Inside, it's all Maruti. The steering, the power window switches, the stalks and dials, the door handles, and even the gear shifter and the hand brake, lack any sort of originality. These are bits and pieces we have already seen on cars based on the same Heartect platform.
What is unique though, is the dashboard design. It's more upright. And, it doesn't differentiate between the driver and the co-passenger in its flow. Much like in modern day luxury cars, there's no pronounced central console; the dash just flows as if it were carved out of one block of solid plastic. I personally quite like it. And it lends the new Ertiga a more premium air as well.
The quality of materials is similar to what we have seen on Dzires and Balenos. Which is to say, you can't really fault them on look and feel, or fit and finish unless you are nitpicking. But, yes, these don't set any new segment benchmarks either.
In terms of equipment, dual front airbags, ABS with EBD, rear parking sensors, and the irritating beeps at 80kmph and 120kmph come as standard on all cars. Furthermore, in this top-spec trim, there's a touchscreen infotainment system complete with Apple Carplay and Android Auto. There's digital climate control with an additional aircon setup for the rear passengers. There are cup and bottle holders for all three rows with the front two getting some dedicated venting as well to keep them drinks cools.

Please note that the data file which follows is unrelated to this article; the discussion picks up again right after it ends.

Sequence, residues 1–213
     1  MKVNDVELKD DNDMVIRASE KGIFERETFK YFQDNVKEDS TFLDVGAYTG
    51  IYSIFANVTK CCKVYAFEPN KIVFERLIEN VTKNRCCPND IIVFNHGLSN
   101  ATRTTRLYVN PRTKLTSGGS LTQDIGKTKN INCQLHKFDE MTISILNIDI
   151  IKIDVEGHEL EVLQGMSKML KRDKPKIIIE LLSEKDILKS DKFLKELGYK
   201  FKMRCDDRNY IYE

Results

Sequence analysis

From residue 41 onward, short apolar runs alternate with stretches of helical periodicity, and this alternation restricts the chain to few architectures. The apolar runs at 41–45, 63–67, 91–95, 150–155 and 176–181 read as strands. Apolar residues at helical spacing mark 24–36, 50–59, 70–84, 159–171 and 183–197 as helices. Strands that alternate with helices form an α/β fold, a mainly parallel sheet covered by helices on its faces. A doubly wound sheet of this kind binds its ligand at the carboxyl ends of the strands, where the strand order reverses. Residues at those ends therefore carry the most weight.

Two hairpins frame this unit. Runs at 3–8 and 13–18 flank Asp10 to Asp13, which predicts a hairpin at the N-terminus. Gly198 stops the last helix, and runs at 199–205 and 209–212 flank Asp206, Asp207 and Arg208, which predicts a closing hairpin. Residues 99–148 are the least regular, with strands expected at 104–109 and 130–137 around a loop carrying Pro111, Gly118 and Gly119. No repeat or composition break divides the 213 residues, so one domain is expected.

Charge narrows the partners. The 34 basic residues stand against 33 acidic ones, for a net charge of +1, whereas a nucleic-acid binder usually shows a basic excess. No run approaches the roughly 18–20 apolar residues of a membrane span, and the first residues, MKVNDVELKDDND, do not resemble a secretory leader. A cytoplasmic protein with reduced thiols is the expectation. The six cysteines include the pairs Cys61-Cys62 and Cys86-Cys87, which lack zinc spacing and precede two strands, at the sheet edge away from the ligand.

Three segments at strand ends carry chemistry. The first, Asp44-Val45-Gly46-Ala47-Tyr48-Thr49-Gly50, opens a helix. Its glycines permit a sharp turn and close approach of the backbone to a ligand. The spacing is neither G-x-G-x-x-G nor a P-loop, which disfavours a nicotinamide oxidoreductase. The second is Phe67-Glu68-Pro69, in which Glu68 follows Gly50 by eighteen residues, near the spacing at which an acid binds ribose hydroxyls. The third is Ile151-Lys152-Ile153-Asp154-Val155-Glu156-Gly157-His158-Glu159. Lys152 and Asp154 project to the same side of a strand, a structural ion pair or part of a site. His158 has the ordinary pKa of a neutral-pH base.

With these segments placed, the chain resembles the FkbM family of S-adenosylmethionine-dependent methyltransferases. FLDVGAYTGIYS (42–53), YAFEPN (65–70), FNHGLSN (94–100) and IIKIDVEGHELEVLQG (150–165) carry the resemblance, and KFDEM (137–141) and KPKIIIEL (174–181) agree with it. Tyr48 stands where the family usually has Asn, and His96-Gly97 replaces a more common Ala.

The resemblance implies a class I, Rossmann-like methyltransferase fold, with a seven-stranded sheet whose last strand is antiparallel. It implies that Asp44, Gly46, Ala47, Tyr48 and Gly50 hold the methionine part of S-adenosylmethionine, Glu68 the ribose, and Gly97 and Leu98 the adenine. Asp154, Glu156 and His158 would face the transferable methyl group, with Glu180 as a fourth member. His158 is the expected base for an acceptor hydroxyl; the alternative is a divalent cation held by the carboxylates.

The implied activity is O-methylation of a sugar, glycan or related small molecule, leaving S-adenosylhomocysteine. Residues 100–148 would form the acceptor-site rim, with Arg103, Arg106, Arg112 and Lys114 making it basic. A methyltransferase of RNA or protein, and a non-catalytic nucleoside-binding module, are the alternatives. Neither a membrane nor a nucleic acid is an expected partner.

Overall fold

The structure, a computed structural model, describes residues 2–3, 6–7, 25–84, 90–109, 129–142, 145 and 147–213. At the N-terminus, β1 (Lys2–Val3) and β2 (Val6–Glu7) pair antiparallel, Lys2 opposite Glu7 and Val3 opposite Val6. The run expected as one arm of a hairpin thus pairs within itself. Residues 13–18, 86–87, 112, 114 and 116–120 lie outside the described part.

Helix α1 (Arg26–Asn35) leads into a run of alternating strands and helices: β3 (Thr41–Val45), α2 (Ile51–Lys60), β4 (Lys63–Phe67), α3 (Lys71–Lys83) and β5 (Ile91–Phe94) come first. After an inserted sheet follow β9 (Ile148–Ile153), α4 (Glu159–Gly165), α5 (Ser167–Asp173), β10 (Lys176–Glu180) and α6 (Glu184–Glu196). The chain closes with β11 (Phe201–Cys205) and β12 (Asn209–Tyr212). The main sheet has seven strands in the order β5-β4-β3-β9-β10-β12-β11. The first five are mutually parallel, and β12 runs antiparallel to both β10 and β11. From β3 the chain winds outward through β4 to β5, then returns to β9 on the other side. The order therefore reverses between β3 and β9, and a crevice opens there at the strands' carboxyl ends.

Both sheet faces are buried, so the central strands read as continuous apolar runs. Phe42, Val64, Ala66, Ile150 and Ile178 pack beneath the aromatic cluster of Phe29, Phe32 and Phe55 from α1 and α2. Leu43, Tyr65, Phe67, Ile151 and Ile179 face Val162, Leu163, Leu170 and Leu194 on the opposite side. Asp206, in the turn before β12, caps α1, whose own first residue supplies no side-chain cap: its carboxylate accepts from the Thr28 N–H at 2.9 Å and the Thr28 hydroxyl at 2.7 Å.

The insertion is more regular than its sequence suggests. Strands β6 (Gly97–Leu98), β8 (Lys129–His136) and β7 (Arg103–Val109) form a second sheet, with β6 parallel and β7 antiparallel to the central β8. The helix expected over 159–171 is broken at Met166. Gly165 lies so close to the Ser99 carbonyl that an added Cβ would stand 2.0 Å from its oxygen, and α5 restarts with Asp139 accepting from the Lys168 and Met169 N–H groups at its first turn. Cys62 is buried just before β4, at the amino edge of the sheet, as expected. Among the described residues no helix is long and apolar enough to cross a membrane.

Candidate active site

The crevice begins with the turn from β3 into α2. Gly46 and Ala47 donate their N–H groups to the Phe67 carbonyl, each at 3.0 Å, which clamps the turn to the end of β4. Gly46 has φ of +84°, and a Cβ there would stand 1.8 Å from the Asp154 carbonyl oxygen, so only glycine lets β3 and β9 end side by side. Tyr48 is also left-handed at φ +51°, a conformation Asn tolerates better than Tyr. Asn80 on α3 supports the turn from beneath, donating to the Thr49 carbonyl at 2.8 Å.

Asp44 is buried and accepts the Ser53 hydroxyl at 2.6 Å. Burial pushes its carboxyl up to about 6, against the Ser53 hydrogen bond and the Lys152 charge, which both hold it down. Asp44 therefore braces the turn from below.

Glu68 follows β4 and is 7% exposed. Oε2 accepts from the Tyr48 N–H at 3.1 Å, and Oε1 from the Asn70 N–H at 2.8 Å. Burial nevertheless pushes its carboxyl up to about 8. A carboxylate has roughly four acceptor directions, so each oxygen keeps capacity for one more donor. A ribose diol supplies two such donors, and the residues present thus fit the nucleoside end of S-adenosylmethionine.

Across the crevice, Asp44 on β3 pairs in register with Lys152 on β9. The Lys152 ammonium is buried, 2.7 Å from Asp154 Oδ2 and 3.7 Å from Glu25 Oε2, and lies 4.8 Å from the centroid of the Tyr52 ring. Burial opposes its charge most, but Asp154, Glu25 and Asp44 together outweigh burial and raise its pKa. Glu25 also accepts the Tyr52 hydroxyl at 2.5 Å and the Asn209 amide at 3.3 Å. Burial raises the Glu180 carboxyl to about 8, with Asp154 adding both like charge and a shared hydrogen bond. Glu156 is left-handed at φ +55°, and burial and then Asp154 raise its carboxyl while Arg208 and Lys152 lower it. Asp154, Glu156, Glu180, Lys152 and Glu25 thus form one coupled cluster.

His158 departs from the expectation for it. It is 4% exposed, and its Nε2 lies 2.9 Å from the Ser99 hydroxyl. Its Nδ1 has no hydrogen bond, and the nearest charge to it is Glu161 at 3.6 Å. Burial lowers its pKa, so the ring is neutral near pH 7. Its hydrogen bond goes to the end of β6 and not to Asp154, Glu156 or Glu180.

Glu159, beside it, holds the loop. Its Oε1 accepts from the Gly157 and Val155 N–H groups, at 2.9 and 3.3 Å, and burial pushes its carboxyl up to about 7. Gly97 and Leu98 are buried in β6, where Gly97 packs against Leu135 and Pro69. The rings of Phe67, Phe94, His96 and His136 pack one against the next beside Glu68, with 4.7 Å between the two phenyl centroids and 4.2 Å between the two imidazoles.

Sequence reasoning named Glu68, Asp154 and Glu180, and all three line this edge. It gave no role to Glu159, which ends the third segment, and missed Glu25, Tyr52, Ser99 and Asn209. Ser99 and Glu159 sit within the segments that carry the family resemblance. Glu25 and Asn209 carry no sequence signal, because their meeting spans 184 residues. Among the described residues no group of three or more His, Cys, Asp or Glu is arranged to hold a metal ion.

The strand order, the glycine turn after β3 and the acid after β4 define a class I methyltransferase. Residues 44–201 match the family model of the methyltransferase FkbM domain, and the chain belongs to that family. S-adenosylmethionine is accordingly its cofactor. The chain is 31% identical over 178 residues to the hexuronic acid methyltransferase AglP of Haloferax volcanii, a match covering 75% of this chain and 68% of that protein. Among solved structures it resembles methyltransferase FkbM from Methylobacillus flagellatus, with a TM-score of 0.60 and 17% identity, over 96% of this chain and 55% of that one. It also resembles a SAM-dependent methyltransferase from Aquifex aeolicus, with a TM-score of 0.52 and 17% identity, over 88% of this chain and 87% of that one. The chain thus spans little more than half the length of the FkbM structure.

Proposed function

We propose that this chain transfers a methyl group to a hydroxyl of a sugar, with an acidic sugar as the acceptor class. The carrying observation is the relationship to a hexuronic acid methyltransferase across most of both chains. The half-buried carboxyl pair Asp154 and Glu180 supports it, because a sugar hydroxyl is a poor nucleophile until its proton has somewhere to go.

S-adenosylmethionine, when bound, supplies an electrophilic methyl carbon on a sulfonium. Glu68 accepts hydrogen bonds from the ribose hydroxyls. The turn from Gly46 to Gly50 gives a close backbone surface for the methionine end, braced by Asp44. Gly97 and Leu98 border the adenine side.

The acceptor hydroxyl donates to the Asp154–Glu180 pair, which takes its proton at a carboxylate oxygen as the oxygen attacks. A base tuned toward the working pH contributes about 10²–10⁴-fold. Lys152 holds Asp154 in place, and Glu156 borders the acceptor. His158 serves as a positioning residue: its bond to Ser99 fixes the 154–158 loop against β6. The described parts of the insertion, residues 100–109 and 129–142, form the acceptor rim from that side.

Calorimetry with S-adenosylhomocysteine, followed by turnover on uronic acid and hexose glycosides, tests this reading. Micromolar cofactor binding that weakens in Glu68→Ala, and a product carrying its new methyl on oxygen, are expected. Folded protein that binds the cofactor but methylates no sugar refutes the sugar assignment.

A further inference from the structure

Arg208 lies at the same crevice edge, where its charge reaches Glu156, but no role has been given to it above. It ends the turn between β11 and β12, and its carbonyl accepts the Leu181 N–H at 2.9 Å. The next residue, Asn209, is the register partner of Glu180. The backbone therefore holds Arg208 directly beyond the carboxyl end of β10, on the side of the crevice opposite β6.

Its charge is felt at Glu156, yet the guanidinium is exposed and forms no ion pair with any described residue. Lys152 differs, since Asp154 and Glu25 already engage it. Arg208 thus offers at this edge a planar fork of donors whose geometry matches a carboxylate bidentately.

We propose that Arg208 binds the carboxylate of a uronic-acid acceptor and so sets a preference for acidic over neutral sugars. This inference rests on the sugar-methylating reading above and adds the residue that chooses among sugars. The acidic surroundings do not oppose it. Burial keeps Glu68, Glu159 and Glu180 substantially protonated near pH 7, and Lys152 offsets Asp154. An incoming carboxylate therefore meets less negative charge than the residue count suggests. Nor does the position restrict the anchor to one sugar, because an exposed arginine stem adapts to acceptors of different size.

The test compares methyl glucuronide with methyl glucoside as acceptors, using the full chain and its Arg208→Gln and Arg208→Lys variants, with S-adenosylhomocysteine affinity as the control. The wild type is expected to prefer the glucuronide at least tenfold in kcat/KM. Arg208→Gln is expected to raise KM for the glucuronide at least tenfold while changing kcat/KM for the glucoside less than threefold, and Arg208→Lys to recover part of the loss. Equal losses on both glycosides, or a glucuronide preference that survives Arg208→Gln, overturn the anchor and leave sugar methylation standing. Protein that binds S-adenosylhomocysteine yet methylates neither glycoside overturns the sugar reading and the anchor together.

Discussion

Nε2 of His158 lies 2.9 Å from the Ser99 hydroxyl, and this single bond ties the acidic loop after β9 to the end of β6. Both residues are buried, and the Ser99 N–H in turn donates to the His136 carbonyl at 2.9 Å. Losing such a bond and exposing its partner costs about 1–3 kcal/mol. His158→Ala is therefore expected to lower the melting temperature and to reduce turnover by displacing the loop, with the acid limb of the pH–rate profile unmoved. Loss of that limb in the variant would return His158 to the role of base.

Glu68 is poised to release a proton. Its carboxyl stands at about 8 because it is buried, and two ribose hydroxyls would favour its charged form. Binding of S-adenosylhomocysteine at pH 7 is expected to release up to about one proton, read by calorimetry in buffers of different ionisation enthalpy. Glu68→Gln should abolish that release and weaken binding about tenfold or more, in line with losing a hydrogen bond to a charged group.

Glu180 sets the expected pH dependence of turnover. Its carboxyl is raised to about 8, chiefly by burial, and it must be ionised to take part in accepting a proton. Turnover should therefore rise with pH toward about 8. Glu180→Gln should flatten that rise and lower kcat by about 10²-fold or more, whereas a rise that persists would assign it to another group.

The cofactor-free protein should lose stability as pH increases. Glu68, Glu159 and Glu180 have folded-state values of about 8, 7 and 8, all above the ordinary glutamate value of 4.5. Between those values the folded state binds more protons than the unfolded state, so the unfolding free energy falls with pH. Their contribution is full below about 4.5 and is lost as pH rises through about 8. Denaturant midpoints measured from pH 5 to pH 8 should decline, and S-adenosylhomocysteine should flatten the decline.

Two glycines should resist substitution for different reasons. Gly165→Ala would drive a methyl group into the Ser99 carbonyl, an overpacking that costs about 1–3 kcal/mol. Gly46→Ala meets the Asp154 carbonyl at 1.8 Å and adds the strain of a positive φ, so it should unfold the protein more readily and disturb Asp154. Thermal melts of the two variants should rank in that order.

You get electric ORVMs with fold function; keyless entry and start; steering mounted controls; a detailed driver information system; and second and third row of seats with split and fold functionality. The last row seats - which can also be reclined - split 50:50 to add luggage volume. The second row seats - which recline and slide - split 60:40 to further add to the luggage-carrying flexibility on the Ertiga.
And, on the subject of seats, the ones upfront are large, cushy, and even though a bit soft, these aren't short on support. So, the seating comfort, even for extended periods of time, is good. The second row in comparison feels flat. The benchseats are accommodating, yes, but not the most supportive. As for the last row, these feel flatter than the second row even, and are much closer to the floor, making them literally the last resort.
Space wise, the Ertiga has grown, no doubt. There's clearly more shoulder room all round, and with a second row that slides fore and aft, the flexibility to liberate space for the third row, remains. Additionally, thanks to the lower window line, a large rear door, and the big quarter glass between the C and D pillar, the Ertiga feels significantly more roomy now. There's more room for luggage as well, even with the third row in place. The increase in length has played its part, no doubt.